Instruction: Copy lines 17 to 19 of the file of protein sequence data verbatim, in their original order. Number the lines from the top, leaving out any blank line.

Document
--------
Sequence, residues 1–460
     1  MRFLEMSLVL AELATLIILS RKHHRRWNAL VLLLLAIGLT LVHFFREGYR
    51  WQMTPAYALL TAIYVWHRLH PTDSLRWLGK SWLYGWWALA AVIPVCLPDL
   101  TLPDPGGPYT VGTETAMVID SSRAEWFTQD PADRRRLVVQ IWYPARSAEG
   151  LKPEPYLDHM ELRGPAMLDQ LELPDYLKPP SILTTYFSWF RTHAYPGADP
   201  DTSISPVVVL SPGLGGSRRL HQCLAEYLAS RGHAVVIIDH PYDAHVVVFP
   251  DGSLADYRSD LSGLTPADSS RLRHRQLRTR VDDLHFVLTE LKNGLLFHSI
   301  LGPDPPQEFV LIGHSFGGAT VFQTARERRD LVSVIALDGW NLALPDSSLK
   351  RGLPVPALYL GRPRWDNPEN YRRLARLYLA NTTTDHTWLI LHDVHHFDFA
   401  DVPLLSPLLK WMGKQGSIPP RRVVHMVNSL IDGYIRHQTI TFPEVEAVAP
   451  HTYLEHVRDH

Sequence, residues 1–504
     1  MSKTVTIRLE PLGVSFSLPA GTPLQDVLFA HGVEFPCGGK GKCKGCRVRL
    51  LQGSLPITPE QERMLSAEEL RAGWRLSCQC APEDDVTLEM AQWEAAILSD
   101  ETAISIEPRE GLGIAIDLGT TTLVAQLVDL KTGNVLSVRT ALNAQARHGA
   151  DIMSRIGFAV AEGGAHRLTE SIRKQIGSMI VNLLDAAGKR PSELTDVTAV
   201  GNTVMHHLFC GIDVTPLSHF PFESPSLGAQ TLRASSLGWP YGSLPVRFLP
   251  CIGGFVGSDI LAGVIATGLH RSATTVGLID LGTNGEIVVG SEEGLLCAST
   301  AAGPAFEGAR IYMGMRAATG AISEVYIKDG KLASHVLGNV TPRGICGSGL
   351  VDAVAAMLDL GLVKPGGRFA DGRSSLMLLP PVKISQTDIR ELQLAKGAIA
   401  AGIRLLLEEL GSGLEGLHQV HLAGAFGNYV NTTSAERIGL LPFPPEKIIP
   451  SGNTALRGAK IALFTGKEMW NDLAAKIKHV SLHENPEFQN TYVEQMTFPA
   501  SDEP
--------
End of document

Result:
   201  GNTVMHHLFC GIDVTPLSHF PFESPSLGAQ TLRASSLGWP YGSLPVRFLP
   251  CIGGFVGSDI LAGVIATGLH RSATTVGLID LGTNGEIVVG SEEGLLCAST
   301  AAGPAFEGAR IYMGMRAATG AISEVYIKDG KLASHVLGNV TPRGICGSGL